Friday, December 09, 2005


Reaching for Heaven

Rabbi Gustavo Surazski

A third of man's life is devoted to dreaming. Thus, a man in his sixties has already dreamt for twenty years. How unique can one dream be?

And Ya'akov went out from Beer Sheva, and went toward Haran. And he lighted on a certain place and tarried there all night because the sun was set; and he took of the stones of that place and put them under his head. And he dreamed and behold a ladder set up on the earth and the top of it reached to heaven; and behold the angels of G-d ascending and descending on it. And behold the Lord stood above it and said 'I am the Lord G-d of Avraham thy father and the G-d of Yitzhak. the land on which thou liest to thee I will give it, and to thy seed ... (Genesis 28:10-12)

Over the years, hundreds of interpretations have been given to Ya'acov's dream. The Midrash says that in Gematria the word "Ladder" (Sulam) equals 130 as the word "Sinai" (B'reshit Rabba 68,13). By showing him a ladder in his dream, G-d hinted "If your descendents keep the Torah, then they will ascend in the same way that the angels ascended, but if they desert the Torah, then they will descend in the way that the angels descended".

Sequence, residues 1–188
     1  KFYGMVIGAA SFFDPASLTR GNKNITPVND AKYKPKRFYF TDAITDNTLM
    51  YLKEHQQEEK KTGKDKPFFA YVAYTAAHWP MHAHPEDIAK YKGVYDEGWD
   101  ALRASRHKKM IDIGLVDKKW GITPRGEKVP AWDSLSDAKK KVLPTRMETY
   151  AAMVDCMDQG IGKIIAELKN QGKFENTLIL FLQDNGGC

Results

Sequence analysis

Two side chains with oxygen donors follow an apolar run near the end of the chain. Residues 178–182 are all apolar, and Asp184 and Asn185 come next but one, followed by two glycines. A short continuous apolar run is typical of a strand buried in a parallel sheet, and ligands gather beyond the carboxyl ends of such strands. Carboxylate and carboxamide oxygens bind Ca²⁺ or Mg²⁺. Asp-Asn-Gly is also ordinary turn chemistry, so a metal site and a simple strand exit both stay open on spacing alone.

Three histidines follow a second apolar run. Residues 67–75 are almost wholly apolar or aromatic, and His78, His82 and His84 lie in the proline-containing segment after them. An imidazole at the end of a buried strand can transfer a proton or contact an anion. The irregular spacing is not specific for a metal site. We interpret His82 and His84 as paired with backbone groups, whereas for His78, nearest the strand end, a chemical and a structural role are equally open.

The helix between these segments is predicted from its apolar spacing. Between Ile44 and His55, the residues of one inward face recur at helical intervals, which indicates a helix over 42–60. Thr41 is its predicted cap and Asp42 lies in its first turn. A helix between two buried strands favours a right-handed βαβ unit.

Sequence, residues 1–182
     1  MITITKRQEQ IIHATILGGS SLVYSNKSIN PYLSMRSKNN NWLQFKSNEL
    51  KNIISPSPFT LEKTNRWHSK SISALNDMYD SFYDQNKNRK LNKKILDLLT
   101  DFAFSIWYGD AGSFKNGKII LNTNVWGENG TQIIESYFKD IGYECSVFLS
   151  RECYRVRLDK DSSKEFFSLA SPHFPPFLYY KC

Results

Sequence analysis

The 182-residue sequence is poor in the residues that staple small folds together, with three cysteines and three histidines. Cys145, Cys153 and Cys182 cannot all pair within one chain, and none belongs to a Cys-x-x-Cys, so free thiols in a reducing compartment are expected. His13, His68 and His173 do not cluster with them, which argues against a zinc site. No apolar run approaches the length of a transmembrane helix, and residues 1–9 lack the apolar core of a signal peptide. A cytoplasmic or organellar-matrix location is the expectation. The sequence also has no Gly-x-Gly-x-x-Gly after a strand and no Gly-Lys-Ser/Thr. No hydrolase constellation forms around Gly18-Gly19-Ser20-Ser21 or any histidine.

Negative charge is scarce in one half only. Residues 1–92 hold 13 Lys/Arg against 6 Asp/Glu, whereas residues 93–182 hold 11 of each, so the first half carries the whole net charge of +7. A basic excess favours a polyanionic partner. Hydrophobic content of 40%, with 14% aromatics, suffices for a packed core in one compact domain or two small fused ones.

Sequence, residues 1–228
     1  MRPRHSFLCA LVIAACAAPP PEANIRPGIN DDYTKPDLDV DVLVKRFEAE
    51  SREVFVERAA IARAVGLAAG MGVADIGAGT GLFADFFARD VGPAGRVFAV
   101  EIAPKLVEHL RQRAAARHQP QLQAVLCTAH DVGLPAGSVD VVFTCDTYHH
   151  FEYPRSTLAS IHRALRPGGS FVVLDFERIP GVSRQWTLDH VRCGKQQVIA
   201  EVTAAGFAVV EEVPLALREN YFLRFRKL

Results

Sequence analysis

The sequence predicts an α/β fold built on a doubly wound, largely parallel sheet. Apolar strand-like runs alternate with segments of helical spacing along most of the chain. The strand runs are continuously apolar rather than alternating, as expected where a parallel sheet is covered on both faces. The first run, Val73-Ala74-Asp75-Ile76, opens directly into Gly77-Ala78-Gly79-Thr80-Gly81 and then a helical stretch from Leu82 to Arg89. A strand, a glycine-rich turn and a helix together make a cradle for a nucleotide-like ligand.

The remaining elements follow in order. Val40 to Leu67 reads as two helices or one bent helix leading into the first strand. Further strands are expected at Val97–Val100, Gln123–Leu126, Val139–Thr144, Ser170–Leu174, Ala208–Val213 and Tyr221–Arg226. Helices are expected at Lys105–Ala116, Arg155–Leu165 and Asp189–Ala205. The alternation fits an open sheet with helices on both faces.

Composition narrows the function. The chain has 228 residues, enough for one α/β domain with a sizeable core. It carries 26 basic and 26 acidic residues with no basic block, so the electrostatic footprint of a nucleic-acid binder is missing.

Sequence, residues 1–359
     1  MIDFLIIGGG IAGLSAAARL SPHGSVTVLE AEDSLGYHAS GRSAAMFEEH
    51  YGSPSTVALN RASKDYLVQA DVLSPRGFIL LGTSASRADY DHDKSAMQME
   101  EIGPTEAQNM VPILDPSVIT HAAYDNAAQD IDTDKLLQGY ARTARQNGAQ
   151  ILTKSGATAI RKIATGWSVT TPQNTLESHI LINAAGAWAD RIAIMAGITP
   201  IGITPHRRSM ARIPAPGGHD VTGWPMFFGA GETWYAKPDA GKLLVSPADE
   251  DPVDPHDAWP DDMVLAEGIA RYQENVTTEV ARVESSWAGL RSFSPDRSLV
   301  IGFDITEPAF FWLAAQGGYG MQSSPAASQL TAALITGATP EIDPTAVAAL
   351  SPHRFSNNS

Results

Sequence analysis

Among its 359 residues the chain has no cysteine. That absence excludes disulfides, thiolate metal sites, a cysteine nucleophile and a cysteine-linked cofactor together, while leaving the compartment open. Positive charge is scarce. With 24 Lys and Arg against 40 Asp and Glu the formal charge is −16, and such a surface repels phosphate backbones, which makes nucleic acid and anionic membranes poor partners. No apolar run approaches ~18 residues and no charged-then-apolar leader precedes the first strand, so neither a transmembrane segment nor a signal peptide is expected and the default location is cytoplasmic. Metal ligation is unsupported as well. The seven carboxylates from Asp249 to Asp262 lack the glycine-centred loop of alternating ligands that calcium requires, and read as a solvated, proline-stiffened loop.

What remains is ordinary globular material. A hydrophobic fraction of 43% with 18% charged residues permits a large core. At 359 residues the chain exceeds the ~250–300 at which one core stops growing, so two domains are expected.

However, this dream has additional repercussions. It is possible that the ladder is Ya'acov himself and the angels that ascend and descend represent Ya'acov's entry into maturity. Until this point, our father Ya'acov has been shown as an adolescent seeking his identity. Sometimes he appears as young, lacking experience and hesitant while at other times he appears as brave and enterprising.

After the dream, Ya'acov takes a vow saying "If G-d will be with me and will keep me in this way that I go, and will give me bread to eat and clothes to wear, so that I come back to my father's house in peace, then the Lord shall be my G-d..."
(Genesis 28:20-1)

Until now, Ya'acov has shown himself to be cunning and exploitative. He knew how to obtain his brother's birthright, he also attained his father's blessing by unfair means, and it seems that he thought that he could exploit G-d as well. Ya'acov's vow is a kind of provocation: "Lord of the world...if you protect me, then you'll gain my belief". However, Ya'acov understands very quickly that there is a lot more to learn. He comes to know his uncle Lavan who is in a totally "different league" of exploiters. Lavan "pulls the wool over his eyes" intentionally and gives him his older daughter (Leah) instead of Rachel whom Ya'acov loves.

Who knows, perhaps this is the turning point in Ya'acov's life. Ya'acov discovers the taste of integrity and decency, establishes a family and his economic status. Ya'acov begins to ascend the rungs of the ladder and understands that cunning may very well come back as a boomerang, blow for blow. After twenty years, Ya'acov faces up to his father-in-law and announces his intention to return to the Land of Ca'anan.

The foot of the ladder was on the earth and the top reached the heavens. G-d was stationed on it and waited for him...He expected Ya'acov to ascend, the completion of the process of maturing.

One third of man's life is devoted to dreaming. Come let us use the remaining two thirds so that we may ascend the ladder of our lives.